In the 1999 study, 24.9% of over-claims (with the errors known) were due to the child claimed not meeting the EITC requirements for a qualified child. The most common qualifying child error was that the child did not meet the residency test (living with the tax filer for at least six months in the case of certain blood relatives, or one year for other individuals). The second most common error was the child not meeting the relationship (to the tax filer) test, particularly in the case of foster children where the child did not live with the tax filers for the full year or was not cared for as the tax filer's own child.
The structure of the EITC may, depending on the relative income levels of both parties, impose a "marriage penalty"6 on single low-income parents if they choose to marry. For example, in tax year 2012, two single parents, each with one child and earned income of $15,000 would each receive an EITC of $3,169 for a total of $6,338. If they marry, their combined income is $30,000, and with two children, the EITC is $3,614. The EITC marriage penalty for the couple is $2,724 (the difference between $6,388 and $3,614). The Economic Growth and Tax Relief Reconciliation Act of 2001 (EGTRRA; P.L. 107-16) provided marriage penalty relief for the EITC by raising the phase out income level of the EITC for married couples. The American Recovery and Relief Act of 2009 (ARRA; P.L. 111-5) temporarily increased the marriage penalty relief for the EITC by raising the phase out income level by $5,000 for married couples in 2009 and indexing the $5,000 for tax year 2010. While the American Taxpayer Relief Act of 2012 (ATRA; P.L. 112-240) made the EGTRRA provisions for marriage penalty relief permanent, the increase in marriage penalty relief to $5,000 (indexed for inflation) made by ARRA was extended for only five years (the expansion will sunset on December 31, 2017).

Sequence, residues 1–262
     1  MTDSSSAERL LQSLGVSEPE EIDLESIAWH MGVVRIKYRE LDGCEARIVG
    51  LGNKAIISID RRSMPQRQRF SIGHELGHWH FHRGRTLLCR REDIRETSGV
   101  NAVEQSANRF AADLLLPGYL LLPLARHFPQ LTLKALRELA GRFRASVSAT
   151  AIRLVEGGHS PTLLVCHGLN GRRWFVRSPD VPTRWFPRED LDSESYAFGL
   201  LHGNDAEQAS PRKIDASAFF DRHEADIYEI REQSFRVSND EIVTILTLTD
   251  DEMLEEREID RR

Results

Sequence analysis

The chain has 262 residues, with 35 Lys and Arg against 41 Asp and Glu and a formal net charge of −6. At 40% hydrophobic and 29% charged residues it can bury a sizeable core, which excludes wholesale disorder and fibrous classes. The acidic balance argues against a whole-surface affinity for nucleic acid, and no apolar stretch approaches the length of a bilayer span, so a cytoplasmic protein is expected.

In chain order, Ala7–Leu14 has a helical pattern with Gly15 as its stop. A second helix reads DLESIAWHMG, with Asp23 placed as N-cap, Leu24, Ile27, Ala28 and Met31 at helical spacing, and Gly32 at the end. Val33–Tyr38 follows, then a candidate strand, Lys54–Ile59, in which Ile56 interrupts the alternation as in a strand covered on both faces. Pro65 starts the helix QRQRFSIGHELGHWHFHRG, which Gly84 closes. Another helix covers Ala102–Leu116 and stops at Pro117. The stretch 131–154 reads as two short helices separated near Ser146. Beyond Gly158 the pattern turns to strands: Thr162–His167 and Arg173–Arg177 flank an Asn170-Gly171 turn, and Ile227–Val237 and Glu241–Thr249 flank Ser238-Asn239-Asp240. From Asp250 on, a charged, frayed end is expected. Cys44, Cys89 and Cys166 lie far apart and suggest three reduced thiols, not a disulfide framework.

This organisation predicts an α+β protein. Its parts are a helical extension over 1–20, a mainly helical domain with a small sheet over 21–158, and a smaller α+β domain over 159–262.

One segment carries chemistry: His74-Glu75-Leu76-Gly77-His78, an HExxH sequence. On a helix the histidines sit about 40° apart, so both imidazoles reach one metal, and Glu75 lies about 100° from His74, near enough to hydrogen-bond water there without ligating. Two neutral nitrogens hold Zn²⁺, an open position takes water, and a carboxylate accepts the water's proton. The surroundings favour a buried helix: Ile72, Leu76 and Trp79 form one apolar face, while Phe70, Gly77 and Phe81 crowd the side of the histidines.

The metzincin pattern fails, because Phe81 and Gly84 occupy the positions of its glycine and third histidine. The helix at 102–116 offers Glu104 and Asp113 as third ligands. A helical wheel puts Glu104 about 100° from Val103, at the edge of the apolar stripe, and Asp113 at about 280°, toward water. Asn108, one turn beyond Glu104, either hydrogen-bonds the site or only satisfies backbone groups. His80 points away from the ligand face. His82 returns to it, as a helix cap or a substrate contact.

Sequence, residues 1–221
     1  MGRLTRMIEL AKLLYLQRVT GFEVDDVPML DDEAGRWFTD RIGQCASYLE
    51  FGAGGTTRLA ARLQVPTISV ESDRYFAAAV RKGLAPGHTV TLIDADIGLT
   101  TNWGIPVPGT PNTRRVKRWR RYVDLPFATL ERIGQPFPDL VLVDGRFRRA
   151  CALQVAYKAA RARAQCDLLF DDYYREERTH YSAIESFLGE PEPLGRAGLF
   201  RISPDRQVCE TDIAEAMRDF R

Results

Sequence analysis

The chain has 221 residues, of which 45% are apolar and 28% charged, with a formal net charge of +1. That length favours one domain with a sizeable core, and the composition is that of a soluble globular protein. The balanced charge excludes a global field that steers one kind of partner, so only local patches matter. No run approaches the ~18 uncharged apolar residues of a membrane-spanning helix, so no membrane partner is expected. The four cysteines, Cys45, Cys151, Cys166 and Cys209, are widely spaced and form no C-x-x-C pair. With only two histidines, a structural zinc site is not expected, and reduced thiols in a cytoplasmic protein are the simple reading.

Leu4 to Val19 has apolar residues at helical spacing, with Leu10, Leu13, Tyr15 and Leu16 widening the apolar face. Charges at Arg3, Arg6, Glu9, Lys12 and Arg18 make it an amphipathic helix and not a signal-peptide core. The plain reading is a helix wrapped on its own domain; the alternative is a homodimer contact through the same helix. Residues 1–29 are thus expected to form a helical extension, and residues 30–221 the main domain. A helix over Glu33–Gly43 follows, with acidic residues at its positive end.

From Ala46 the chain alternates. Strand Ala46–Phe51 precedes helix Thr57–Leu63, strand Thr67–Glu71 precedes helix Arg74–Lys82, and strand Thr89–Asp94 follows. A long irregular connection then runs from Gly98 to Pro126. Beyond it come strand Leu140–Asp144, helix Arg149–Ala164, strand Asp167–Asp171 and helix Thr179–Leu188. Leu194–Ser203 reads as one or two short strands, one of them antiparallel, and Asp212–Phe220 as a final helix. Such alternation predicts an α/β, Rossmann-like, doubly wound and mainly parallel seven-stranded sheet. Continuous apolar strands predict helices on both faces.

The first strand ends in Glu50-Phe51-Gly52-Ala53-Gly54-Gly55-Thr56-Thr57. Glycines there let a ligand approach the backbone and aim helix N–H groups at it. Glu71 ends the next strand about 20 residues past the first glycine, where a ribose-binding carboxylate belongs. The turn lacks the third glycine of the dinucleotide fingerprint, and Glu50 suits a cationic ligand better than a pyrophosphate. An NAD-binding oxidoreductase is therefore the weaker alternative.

The differential in the EITC based on the number of children, combined with the annual inflation adjustment, is designed to help families stay above the poverty threshold over time. However, because the EITC adjustment for family size is limited to two children, over time larger families may not be kept above the poverty threshold. As shown in Table 1, for tax year 2011, married couples with children earning $25,000 a year have net income after taxes that is above the poverty threshold. However, the extent to which income exceeds the poverty threshold declines as the number of children increases.7
The ARRA (P.L. 111-5) created a new credit rate for taxpayers with three or more eligible children, and this new credit rate was extended through tax year 2017 by ATRA (P.L. 112-240). For tax years 2009 through 2017 only, taxpayers with three or more eligible children will use a credit rate of 45% to calculate their EITC.
ATRA (P.L. 112-240) made these EGTRRA changes permanent. The ARRA created the category for families with three or more children, with a credit rate of 45%, for tax years 2009 and 2010 only. The ARRA also increased the phase-in amount for married couples filing joint tax returns so that it is $5,000 higher than for unmarried taxpayers in tax year 2009, and indexed for inflation beginning in tax year 2010. The ARRA changes were also scheduled to expire on December 31, 2010.
These worthless tax tips are not viable for working people since the government limitations hit married couples that work not only with additional taxes versus single couples who live together but add additional limitations on their ability to use any and all of these junky deductions.